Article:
Seed Collection Project May Save Bromeliads From “Evil Weevil”

By:
Tom Nordlie (352) 392-1773 x 277

Source(s):
Howard Frank jhf@gnv.ifas.ufl.edu, (352) 392-1901, ext. 128
Barbra Larson jhf@gnv.ifas.ufl.edu, (352) 392-1901, ext. 122
Al Muzzell bclarson@mail.ifas.ufl.edu, (352) 372-4576

GAINESVILLE, Fla. — Rare Florida bromeliad plants threatened by an imported weevil may be preserved with the help of seed collection efforts planned for this spring.

Five bromeliad species in South Florida are under attack by the Mexican weevil Metamasius callizona, known to bromeliad lovers as the “evil weevil,” said Howard Frank, an entomologist with the University of Florida’s Institute of Food and Agricultural Sciences.

Hardest hit are the giant airplant, cardinal airplant and twisted airplant, all of which have been declared endangered under Florida law. Six other rare species could be jeopardized if the weevil expands its range.

“By collecting seeds now, we get a head start on repairing any future damage,” Frank said. “I hope we don’t have to use the seed banks, but we probably will — the damage so far has been terrible.”

Frank has spent 10 years researching the weevil, which feeds exclusively on bromeliads.

Bromeliads are members of a plant family that includes the pineapple. Florida has 18 native bromeliad species, all of which grow in trees and are commonly known as airplants. Larger species have cup-like leaf structures that trap rainwater and serve as treetop reservoirs for many arboreal animals.

In August, the Florida Council of Bromeliad Societies secured a contract with the state to collect and store bromeliad seeds and perform other functions, Frank said. Data on the species and location of each donor plant are logged so seeds can be used to repopulate collection areas when — or if — the weevil is brought under control.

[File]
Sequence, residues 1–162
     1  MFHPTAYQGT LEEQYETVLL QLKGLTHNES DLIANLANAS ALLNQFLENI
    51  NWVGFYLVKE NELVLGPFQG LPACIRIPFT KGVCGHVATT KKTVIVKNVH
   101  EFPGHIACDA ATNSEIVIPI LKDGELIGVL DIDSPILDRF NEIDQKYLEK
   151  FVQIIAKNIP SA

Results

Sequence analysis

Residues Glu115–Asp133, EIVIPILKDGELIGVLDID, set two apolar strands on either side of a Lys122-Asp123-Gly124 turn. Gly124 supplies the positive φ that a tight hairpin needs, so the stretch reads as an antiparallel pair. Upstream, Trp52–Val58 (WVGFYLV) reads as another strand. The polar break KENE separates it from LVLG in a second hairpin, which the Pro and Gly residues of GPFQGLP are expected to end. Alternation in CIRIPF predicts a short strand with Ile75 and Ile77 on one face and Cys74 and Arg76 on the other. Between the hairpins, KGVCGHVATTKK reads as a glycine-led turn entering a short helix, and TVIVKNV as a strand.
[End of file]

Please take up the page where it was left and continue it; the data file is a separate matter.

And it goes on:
“This is a unique opportunity,” he said. “Not only could it give the bromeliads a second chance, it allows the public to get involved. With 16 counties in South and Central Florida affected, the more people who get involved, the better.”

Before collecting seeds, volunteers must join a recognized bromeliad society and obtain a permit from the Florida Department of Agriculture and Consumer Services, said Frank, who developed the collection procedures.

Members of bromeliad societies in Sanford, Fort Myers and Miami have secured permits and begun collecting seeds, said Al Muzzell, president of the Gainesville-Jacksonville Bromeliad Society. Bromeliad societies in other areas are expected to take part when seeds become more available in the spring.

The effort comes too late for parts of Broward County, Myakka River State Park near Sarasota and the Caloosahatchee River basin near Fort Myers.

“When I was a kid in Broward County, the large bromeliad species grew in oak trees everywhere,” Muzzell said. “Now you only see them in people’s yards where they’re protected with chemicals.”

Muzzell said the weevil is established on both coasts and is moving inland. Experts are most concerned about two remote parts of the Everglades that are home to several bromeliads found nowhere else in the United States.

The weevil was established in Florida in 1989 when it arrived in Fort Lauderdale, apparently in shipments of Mexican bromeliads, said Barbra Larson, a postdoctoral associate with UF’s department of entomology.

The weevil’s larvae develop while eating tunnels through bromeliad stems, Larson said. This activity kills host plants but limits infestations to large-leaved species. Small-leaved bromeliads such as Spanish moss are not likely to be affected by the pest.

“The weevil has no natural enemies here in Florida, so it’s been reproducing unchecked,” Larson said. “But we’re trying to change that situation.”

Larson and Frank are researching a parasitic fly that attacks a similar weevil in Honduras. The fly kills evil-weevil larvae in the laboratory, but it cannot be released into Florida’s environment until possible threats to native insects are evaluated.

“If everything goes well, we may start releasing the fly this fall,” Larson said. “We’re going to focus on heavily infested areas, but lack of funding will slow the process.”

Larson said research on the fly is supported largely by a $58,000 state grant awarded to the Florida Council of Bromeliad Societies as part of the seed collection project.

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